SPONSOR A CHILD

written by Renée Kube

Renée oversees Children Incorporated’s work in the United States – from the rural southeast and southwest to our urban areas in New Orleans, Washington, D.C. and Richmond, Virginia. She works closely with our U.S. Programs Specialist and an outstanding network of more than 100 volunteer coordinators at each affiliated site. For sixteen years, Renée managed our sites in the Appalachian Region before taking her current role in 2010.

» more of Renée's stories

As a part of our 2022 “Virtual Visit” series, our Director of U.S. Programs, Renée Kube, takes us to Floyd Central High School on a visit to hear about our sponsorship program and other outreach services conducted by our volunteer coordinator, Teresa.

Renée Virtual Visit

“Floyd Central High is a relatively new school located in the community of Eastern. It was built in 2017 as a consolidation of the old Allen Central High and South Floyd High Schools. It offers the standard state-approved curriculum, and also offers dual enrollment, AP, and online college courses. The sports teams compete in football, baseball, volleyball, softball, and cheerleading. There are also competitive teams for golf, archery — and bass fishing!”

“Teresa is devoted to her students and families. Most are loving and hardworking, but generations of poverty and lack of education have caused a lot of hardship and struggle.”

“The high school is also a ‘feeder’ school for two other Children Incorporated affiliated sites — Duff-Allen Central and May Valley Elementary schools, which is fantastic because our sponsors can follow their sponsored children from elementary to high school with ease thanks to these partnerships.”

“Floyd Central serves about 638 students in grades 9-12. Everyone at the school is very proud of the 93% graduation rate, considering that the students and families face a lot of challenges — 75% of students live in poverty and lack access to basic resources.”

Teresa’s programs

“Our volunteer coordinator at the school is Teresa. She is an involved coordinator who has created a Youth Services Center Student Outreach Group. They host activities and raise funds for special events throughout the year, ranging from purchasing suitcases for foster children to pet food donations for the local animal shelter. This is a wonderful opportunity for the students to feel connected and give back to their community.”

Family Game Nights were a hit with Teresa’s students and their parents.

“Since the pandemic, in addition to our sponsorship program, Children Incorporated helped Teresa with three other programs. The first program was a series of family fun nights where the students and families turned off their screens and bonded over playing board games and making snacks together. Teresa collaborated with the other coordinators, and it was a county-wide event. The families sent pictures to Teresa and said they were surprised at how much this meant to them.”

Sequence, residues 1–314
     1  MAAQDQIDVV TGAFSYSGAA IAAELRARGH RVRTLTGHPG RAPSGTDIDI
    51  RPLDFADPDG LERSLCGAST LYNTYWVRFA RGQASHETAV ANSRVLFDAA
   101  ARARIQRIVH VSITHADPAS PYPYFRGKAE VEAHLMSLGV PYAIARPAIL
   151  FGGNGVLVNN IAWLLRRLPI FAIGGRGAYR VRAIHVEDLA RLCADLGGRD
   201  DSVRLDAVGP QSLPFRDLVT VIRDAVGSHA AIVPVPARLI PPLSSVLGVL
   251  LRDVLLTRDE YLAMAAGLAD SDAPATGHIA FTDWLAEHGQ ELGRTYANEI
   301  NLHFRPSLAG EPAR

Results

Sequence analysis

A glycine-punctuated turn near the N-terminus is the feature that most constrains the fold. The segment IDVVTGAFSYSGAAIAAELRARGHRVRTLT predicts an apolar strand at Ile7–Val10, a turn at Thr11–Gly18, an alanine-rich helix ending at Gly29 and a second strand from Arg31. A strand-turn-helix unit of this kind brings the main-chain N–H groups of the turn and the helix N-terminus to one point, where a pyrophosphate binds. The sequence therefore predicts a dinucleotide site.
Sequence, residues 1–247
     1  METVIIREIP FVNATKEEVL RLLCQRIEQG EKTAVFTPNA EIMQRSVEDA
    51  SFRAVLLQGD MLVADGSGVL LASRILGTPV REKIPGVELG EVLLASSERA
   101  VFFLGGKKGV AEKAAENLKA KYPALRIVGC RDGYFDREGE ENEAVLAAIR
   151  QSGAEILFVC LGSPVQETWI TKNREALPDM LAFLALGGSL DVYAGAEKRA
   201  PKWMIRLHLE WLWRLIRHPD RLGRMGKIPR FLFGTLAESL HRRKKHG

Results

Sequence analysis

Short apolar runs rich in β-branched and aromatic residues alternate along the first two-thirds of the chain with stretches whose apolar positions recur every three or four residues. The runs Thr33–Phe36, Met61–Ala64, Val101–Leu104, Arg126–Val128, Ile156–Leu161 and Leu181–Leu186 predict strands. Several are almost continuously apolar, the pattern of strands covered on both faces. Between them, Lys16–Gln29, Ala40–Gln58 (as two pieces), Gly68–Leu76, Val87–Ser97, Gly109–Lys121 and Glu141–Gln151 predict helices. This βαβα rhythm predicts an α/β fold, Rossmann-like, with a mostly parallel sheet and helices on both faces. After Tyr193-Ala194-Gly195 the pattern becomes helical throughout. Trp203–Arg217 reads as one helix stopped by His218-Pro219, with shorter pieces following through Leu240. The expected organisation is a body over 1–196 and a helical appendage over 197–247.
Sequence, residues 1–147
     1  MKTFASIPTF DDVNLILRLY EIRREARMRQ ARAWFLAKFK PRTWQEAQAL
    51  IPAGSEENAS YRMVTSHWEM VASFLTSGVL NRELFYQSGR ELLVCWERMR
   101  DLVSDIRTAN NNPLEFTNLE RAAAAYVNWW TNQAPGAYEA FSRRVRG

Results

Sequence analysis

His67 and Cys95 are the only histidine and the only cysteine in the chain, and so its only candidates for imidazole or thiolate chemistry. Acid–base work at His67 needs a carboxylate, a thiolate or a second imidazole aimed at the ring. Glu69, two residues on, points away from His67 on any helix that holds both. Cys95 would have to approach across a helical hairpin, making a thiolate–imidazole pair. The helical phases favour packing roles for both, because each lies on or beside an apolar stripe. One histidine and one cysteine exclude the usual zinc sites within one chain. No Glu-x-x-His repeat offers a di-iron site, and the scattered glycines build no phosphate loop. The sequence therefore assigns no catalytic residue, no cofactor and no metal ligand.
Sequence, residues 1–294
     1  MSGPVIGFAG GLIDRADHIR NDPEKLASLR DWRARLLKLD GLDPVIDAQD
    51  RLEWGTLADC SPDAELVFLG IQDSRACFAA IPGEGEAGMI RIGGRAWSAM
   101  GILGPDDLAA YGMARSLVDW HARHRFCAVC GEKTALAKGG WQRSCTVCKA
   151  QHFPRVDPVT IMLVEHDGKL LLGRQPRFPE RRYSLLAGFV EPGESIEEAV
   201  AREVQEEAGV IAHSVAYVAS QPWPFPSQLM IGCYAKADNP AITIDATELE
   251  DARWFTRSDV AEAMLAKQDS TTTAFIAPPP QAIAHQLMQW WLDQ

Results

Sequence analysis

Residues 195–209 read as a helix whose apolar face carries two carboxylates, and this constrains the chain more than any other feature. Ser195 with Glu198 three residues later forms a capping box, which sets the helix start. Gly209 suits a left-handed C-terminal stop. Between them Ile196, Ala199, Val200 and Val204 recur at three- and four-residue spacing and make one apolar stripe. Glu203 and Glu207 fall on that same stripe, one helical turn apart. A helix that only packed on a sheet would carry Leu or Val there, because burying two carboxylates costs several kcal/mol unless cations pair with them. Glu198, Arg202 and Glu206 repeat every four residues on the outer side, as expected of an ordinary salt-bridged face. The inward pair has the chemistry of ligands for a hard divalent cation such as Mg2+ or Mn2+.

“The second program was mixing physical activity and positive mental outlooks to support educational outcomes. The last program was a health and fun fair for expectant and new mothers, which was also a collaborative, county-wide event. The fair included packets of important information and diaper bags filled with small baby care items. Participants could register for one of three grand prizes: a baby bouncer, rocker, or stroller.”

Getting the support they need

“Teresa is devoted to her students and families. Most are loving and hardworking, but generations of poverty and lack of education have caused a lot of hardship and struggle. Teresa shared that one of her students is being raised by a single father. Due to some unexpected expenses, he got behind on rent. In order to get caught up, the dad and his son were paid a little money by neighbors to clear brush out of their creek beds. The boy sells eggs to help. Teresa said that our sponsorship program is a big help with this boy’s school clothing. He (and the other program-enrolled children) fit in with their peers with the new clothes they receive which really helps their self-esteem, and they are dressed appropriately for the weather.”

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How do I sponsor a child in Kentucky?

You can sponsor a child in Kentucky in one of three ways: call our office at 1-800-538-5381 and speak with one of our staff members; email us at sponsorship@children-inc.org; or go online to our sponsorship portal, create an account, and search for a child in Kentucky that is available for sponsorship.

SPONSOR A CHILD

written by Renée Kube

Renée oversees Children Incorporated’s work in the United States – from the rural southeast and southwest to our urban areas in New Orleans, Washington, D.C. and Richmond, Virginia. She works closely with our U.S. Programs Specialist and an outstanding network of more than 100 volunteer coordinators at each affiliated site. For sixteen years, Renée managed our sites in the Appalachian Region before taking her current role in 2010.

» more of Renée's stories